About 10 days ago, the new Governor of the Reserve Bank, Stephen Poloz, announced that interest rates will remain unchanged....Big Surprise!
This got me thinking about low interest rates and paying off your mortgage.
Over the last few years, home mortgage rates have been astonishingly low. Because of the low rates on home mortgages, many financial gurus now suggest that people hold off on paying back their mortgage. Rather than making extra payments. They suggest you can get a better return by investing elsewhere.
On the surface, that’s a great argument. Not necessarily, and here’s why.
For starters, there isn’t an investment available right now that locks you in at better than 4% guaranteed. To get a return better than that, you’re going to be investing in real estate or something else that injects risk into the equation.
If you put money into the mortgage, it’s going to give you a locked-in-stone annual return equal to your interest rate as long as you still hold that mortgage. If you make an extra $1,000 payment right now, you’re getting a 4% (or whatever your interest rate is) guaranteed return for the lifetime of that mortgage. That money actually appears at the end of the mortgage in the form of having it paid off earlier.
That’s a good conservative investment.
Still, purely as an investment, I view paying off a low-interest mortgage early as simply a very conservative option.
The reason I still advocate for it is for another reason entirely: Having your home loan paid off does wonders for your cash flow.
Some might argue that it makes sense to invest your money instead of making extra payments on that mortgage. If you don’t have enough on hand to pay off your mortgage all at once, this makes reasonable sense, as it provides a very liquid emergency fund for you. However, you’re still left with two choices – investing in something with little risk that doesn’t return as much as an extra mortgage payment (like a savings account) or investing in something with substantial risk that should return more over time but may return much less in the short term (like stocks).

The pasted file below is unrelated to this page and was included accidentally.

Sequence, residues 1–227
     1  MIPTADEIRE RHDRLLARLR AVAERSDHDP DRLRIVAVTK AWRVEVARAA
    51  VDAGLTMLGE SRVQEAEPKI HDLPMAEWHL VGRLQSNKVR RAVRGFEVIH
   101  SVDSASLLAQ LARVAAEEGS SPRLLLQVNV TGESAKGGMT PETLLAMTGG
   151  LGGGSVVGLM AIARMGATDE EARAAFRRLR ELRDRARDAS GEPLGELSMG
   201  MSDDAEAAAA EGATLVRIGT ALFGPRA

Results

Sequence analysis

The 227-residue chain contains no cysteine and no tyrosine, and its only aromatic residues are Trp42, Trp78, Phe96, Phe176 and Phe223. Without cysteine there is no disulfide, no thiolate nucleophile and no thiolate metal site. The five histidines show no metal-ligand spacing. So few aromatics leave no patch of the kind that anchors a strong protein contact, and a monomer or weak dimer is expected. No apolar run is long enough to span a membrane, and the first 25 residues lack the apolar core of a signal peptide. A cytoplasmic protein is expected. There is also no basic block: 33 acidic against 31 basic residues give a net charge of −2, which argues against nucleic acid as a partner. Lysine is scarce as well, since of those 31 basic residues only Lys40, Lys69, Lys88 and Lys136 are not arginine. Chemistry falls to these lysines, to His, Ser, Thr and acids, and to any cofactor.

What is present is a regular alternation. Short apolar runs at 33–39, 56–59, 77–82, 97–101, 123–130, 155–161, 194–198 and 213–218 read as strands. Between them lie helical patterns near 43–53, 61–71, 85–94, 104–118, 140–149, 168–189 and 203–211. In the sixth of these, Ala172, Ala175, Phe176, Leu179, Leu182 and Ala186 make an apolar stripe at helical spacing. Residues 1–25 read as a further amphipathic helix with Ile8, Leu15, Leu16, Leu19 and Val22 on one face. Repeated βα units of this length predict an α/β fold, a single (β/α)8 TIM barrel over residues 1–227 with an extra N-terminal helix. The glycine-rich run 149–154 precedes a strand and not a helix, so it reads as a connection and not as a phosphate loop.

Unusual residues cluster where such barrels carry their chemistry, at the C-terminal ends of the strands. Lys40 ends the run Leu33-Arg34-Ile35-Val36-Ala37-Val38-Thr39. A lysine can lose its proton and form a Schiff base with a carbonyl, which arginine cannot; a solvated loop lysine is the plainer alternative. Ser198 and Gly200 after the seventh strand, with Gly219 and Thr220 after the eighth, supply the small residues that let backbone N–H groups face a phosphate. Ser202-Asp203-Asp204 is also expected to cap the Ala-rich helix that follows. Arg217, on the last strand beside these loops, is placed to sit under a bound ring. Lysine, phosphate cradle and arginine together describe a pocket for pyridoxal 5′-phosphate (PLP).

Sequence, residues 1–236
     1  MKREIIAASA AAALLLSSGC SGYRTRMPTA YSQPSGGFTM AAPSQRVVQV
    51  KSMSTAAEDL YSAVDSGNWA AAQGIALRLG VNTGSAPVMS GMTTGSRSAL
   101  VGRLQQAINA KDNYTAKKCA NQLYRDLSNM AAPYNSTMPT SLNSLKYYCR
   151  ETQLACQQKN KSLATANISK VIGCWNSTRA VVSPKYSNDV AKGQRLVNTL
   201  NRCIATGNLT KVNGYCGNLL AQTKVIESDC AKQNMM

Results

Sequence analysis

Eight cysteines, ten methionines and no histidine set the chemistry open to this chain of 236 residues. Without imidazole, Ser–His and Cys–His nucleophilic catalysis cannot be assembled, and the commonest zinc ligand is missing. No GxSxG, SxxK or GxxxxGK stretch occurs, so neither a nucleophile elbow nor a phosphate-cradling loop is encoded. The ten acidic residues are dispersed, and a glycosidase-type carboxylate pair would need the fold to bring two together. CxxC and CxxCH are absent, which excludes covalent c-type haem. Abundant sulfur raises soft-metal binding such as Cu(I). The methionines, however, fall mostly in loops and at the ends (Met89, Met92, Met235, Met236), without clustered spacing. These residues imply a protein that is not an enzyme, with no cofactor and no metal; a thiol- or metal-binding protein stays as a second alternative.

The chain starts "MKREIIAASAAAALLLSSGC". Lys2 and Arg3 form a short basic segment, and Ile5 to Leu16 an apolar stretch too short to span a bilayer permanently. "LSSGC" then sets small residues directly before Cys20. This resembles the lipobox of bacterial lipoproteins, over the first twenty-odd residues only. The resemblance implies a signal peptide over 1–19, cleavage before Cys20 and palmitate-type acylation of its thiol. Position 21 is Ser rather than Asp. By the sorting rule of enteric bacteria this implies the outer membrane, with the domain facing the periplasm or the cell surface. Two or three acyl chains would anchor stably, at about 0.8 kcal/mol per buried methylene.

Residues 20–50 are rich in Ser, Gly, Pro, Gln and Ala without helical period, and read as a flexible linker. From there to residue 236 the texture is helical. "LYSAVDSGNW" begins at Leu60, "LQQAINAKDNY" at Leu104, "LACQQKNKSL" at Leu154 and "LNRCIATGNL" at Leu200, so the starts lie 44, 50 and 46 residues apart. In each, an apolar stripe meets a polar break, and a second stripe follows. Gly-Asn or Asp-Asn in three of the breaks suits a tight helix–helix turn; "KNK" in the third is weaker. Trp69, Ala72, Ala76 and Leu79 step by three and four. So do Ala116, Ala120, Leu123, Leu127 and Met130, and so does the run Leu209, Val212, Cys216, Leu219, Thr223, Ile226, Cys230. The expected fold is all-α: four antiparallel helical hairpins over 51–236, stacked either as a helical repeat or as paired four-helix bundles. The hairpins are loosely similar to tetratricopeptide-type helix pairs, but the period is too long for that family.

There’s also the human factor. If you have a lot of money sitting in the bank, it becomes much easier to talk yourself into spending it if it’s just sitting there. You can tell yourself it’s an emergency fund, but as the balance grows, so does the temptation.
Because of all of these factors, I still consider it a solid idea for most people to make extra payments on their mortgages, even when the interest rate on the mortage is low. This assumes, of course, that you have an emergency fund already in place (to handle most of life’s disasters), that you don’t have any other debts, and that you’re also contributing to your retirement savings at a total rate of at least 10% of your income. If you’re not taking care of those things, make them a priority.
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